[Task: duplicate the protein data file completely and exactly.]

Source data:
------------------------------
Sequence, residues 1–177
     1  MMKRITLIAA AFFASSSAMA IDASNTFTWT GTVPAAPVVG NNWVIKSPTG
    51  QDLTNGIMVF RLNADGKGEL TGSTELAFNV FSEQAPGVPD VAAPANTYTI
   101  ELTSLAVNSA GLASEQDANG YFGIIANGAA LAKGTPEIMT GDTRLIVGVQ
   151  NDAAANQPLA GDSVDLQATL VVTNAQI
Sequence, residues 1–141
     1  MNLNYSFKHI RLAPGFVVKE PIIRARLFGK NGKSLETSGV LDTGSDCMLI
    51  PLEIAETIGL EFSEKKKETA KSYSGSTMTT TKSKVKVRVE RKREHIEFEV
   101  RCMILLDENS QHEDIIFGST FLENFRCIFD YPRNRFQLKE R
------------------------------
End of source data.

Sequence, residues 1–177
     1  MMKRITLIAA AFFASSSAMA IDASNTFTWT GTVPAAPVVG NNWVIKSPTG
    51  QDLTNGIMVF RLNADGKGEL TGSTELAFNV FSEQAPGVPD VAAPANTYTI
   101  ELTSLAVNSA GLASEQDANG YFGIIANGAA LAKGTPEIMT GDTRLIVGVQ
   151  NDAAANQPLA GDSVDLQATL VVTNAQI
Sequence, residues 1–141
     1  MNLNYSFKHI RLAPGFVVKE PIIRARLFGK NGKSLETSGV LDTGSDCMLI
    51  PLEIAETIGL EFSEKKKETA KSYSGSTMTT TKSKVKVRVE RKREHIEFEV
   101  RCMILLDENS QHEDIIFGST FLENFRCIFD YPRNRFQLKE R